I’m actually shocked somebody agrees with the TSA’s position on the pat-down procedure. Seeing as there is no name attached to this post, I can’t discern the gender of the poster. For a woman, sexual assault is something most fear, and even on campus most women carry mace and sometimes small tazers, so why would anyone force them to be molested as a condition of traveling? And the same does in fact go for men. Sexual assault against men is often ignored yet is still a problem, and you would like them to be rubbed down in order to leave? How about children? Or how about the fact that TSOs aren’t being trained properly and are causing people more harm and stress than the threat of a terrorist attack to begin with? If you take a look at the constitution, and Supreme Court rulings based off of those, you’ll see that what the TSA does is not at all constitutional, and I for one don’t want my government infringing on my rights. These rights aren’t God given, and they’re not country given, they’re not given to us by our parents, and they’re not even earned: every single person has these rights always, and nobody should have the right to take them away at will.

    Comment by publicandprivatespace — March 7, 2011 @ 11:01 am | Reply

  2. -Garrett Miller

    I totally disagree with the previous comment. I think that it is necessary to use pat downs and the body scanner because they can find things that the metal detectors cant. I feel much safer riding on a plane knowing everyone was thoroughly searched before boarding. I would rather be patted down or be sent through the body scanner then be blown up in the air.

    Comment by publicandprivatespace — March 8, 2011 @ 2:00 pm | Reply

  3. I definitely agree that the security is necessary. With the constant growth of technology and weaponry, I think that pat-downs and body scans are almost necessary to remain safe. Being a relatively frequent traveller, it definitely helps me sleep a little bit better on the plane knowing that it’s just a little bit safer. Sure, privacy is definitely an important thing, but I definitely think that safety is primarily important.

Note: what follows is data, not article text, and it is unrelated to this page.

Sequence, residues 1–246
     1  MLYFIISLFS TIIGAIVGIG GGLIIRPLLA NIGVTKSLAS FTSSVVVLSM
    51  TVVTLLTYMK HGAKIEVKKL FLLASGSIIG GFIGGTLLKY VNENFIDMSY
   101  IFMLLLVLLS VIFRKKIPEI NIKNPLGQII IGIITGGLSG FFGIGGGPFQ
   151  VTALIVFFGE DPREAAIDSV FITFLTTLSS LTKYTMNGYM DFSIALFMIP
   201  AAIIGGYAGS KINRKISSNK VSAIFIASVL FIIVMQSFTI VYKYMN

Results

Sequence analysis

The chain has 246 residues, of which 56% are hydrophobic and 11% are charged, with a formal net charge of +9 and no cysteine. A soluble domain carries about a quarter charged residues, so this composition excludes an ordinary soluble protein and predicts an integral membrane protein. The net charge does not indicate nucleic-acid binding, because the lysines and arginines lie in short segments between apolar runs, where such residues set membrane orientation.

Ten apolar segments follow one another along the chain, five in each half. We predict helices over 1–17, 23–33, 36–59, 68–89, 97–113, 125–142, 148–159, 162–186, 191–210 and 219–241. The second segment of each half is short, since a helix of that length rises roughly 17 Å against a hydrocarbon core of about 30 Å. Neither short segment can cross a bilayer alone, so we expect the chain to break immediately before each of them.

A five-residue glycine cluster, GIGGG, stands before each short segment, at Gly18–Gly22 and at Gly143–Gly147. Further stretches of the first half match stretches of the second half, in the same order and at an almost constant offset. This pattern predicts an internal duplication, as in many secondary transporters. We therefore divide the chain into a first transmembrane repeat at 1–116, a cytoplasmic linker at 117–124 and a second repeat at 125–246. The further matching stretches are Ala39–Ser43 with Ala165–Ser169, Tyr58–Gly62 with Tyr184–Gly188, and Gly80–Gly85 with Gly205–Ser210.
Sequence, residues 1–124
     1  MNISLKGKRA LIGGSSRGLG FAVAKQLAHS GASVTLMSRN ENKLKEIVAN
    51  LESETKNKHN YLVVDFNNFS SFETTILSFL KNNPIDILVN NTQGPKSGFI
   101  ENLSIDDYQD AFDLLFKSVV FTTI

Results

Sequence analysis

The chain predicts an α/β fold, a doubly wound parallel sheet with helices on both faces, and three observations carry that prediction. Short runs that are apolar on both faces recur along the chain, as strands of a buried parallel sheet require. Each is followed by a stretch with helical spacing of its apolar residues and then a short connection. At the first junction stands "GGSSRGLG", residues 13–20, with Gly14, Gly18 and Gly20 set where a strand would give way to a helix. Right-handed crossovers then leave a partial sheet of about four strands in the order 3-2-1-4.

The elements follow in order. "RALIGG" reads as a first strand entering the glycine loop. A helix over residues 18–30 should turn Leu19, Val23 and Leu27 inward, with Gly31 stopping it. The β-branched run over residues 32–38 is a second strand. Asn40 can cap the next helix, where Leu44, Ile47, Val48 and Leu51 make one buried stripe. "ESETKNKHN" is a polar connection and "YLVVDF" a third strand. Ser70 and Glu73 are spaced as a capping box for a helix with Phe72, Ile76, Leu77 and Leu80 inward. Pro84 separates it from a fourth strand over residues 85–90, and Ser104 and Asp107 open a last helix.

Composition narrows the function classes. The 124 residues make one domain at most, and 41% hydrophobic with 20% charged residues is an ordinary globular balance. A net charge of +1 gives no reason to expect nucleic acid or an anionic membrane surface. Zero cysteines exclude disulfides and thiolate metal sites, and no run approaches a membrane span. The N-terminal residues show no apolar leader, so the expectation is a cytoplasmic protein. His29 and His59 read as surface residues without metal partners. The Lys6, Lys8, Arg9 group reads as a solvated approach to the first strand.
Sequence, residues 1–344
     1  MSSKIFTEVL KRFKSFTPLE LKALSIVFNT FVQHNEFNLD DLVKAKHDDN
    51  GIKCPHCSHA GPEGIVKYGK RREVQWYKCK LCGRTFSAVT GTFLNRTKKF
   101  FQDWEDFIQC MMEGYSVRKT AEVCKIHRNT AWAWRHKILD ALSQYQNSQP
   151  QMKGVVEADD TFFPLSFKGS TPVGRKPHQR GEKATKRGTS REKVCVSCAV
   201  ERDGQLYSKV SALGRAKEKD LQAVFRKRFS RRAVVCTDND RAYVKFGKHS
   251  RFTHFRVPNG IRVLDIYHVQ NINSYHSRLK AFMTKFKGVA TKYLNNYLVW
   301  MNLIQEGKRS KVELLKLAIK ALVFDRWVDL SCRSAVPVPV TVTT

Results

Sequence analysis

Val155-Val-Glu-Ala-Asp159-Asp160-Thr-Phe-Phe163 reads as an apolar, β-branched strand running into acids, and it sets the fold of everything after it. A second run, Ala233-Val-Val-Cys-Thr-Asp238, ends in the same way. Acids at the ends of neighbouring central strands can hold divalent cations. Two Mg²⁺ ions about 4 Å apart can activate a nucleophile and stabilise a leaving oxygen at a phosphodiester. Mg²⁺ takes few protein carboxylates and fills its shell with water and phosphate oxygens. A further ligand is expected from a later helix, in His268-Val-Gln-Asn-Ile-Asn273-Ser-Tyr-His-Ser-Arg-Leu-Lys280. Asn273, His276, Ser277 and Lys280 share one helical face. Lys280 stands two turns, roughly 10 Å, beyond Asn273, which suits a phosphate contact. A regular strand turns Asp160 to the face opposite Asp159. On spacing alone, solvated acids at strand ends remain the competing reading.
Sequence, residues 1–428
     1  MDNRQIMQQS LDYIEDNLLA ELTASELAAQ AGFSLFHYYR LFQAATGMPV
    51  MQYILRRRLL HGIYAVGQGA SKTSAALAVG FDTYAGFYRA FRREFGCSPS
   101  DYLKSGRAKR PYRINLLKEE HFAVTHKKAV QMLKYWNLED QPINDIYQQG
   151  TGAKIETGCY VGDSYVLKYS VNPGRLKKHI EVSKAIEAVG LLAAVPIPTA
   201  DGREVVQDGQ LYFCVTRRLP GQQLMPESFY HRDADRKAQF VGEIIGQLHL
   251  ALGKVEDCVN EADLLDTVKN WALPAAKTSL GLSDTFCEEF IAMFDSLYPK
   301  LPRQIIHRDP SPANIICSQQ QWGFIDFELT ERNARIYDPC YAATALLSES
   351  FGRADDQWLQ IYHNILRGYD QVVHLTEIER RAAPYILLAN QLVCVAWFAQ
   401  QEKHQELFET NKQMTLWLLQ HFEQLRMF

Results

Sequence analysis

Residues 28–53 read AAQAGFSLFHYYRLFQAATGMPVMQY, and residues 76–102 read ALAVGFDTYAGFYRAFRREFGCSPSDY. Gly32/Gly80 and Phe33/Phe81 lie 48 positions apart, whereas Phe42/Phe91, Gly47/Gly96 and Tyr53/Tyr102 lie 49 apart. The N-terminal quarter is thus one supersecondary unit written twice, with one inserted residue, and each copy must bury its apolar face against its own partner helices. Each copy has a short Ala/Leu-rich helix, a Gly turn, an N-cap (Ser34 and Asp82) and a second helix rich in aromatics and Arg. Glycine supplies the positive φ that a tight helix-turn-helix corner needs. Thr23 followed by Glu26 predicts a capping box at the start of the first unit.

~Matt Evans

    Comment by publicandprivatespace — March 9, 2011 @ 10:21 am | Reply

  4. I completely agree with just about everything said in this post. Pat downs are absolutely necessary for safety when the alternative is the possibility that anyone could sneak something onto an airplane. I understand that a woman’s worst fear could be to be sexually molested, but I guarentee that most would rather be patted down than leave open the possibility of dying. People must understand that sacrifices have to be made, even if it is one’s personal and private space, in order to protect the greater good.

    Comment by Zack Deidesheimer — March 9, 2011 @ 10:24 am | Reply

  5. I don’t agree or disagree with body scanners or pat downs. I’ve only flown twice since 9/11–down to Florida and back–so I’m not as affected by airport security as others. Personally, if everyone is getting a full body scan I wouldn’t care because of how insecure everyone else is about it. However, the thought of getting a pat down makes me uncomfortable. My sister recently flew down to South Carolina and she was singled out for a pat down. A female security member performed the procedure; my sister’s main concern was making it to her flight on time. So although it’s infringing upon anyone who flies, it keeps the innocent people safe from attack. If someone doesn’t want to go through security procedures, they can drive, ride a train, or take a boat to get where they’re going.

    Comment by Kelly Seibert — March 9, 2011 @ 10:29 am | Reply

  6. -Zack Deidesheimer